Photography, just like other things in life such as cooking and fashion, comes with a personal taste for the one that practices it.
In the same way that there’s no such universal notion as bad cooking or good cooking, or bad fashion or good fashion, each person develops a style that might suit her or someone else.
In my photography, for example, moments are everything. I’d even say that moments trumps everything. A moment, to me, is a source of life captured in time. Frozen in time. Photography allows us to have time perceived as a physical dimension in which we can travel in the past with our eyes, our hearts and our minds.
It goes, therefore, to say that as much as I care for composition, my mind is to put importance on moments over composition. A photograph with a good composition but with a poor moment is not a photograph that touches my heart. If it doesn’t touch my heart, if it doesn’t move me in some small way, I tend to reject the photograph.
How about exposure? Well, the same idea applies. Nowadays, the dynamic range of digital cameras are so good that we can have six stops of latitude to play with. With analog or film, the dynamic range is even greater with some having up to ten stops of latitude. Therefore, if you ballpark your exposure, you should be okay. It all depends how much work you’d have to sit to fix the photo in post-production if you’re too off. That being said, knowing that we can ballpark the exposure, the moment remains the hero that must be preserved.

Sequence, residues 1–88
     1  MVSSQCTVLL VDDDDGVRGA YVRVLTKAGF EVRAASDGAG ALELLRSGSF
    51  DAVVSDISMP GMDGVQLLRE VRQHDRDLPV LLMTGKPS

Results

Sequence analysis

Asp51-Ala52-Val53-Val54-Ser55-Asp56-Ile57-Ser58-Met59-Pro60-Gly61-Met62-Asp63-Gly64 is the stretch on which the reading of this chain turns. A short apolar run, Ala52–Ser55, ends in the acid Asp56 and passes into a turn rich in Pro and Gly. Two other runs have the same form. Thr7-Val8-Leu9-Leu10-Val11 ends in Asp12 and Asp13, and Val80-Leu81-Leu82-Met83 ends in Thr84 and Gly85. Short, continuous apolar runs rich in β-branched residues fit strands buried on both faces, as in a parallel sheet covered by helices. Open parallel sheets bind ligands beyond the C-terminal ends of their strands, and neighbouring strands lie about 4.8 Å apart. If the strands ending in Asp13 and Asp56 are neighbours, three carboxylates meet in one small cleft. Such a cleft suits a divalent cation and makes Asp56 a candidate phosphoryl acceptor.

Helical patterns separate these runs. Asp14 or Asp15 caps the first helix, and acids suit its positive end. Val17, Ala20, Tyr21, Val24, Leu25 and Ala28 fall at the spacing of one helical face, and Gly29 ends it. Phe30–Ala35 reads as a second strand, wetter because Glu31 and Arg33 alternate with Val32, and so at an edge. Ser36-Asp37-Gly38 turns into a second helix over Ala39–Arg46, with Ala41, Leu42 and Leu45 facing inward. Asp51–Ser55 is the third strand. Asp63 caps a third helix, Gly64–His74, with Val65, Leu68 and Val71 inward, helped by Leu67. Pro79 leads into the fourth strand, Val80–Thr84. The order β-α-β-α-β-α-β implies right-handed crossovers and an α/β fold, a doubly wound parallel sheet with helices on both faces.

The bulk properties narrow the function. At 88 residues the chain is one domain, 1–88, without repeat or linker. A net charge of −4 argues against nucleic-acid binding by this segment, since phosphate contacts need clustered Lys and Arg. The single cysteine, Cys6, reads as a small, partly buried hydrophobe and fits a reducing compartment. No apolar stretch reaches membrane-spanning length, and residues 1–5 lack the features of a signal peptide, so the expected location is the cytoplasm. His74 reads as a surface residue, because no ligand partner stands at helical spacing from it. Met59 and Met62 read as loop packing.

Another thing about exposure is that there’s no such thing as a “perfect exposure”. Most of our cameras are configured with increments of one third of a stop (this applies to all exposure variables: shutter speed, ISO and aperture). Maybe the perfect exposure for a frame is 1/137th at ISO 52 and an aperture of f/4.39. Good luck configuring your camera with that exposure. Instead, what we have is a good enough exposure. So let’s be content with a good enough exposure in order to capture a strong, emotional moment that we can connect with. A timeless moment.
Sometimes you can't have it all and it's far better to capture the right moment with the wrong settings, rather than the wrong moment with the right settings. — Henry Carroll
Because I mostly photograph weddings and street moments, I need to be quick with my camera in such a way that the moment doesn’t escape. Once the moment escapes, it’s never coming back. So I set my exposure just enough to be ready to capture the moment in a style that I want. Then I visualize the scene by placing the background and foreground elements according to my desire, and I either wait for the moment to present itself or I capture it immediately, even if it breaks my composition by a bit or by a lot.
However, this philosophy wouldn’t apply if I was photographing landscape, food or real estate for example. Mostly because I fail to see moments in those types of photography. In that case, composition would be preferred over exposure. The logical order remains.
I was thinking about writing this piece today while out shooting with my Nikon F3 film camera. I was reminded how much time I take with it to properly compose my scene. However, if a moment happened to present itself, there’s not much time to think compositionally…there’s just enough time to press the shutter and capture that moment.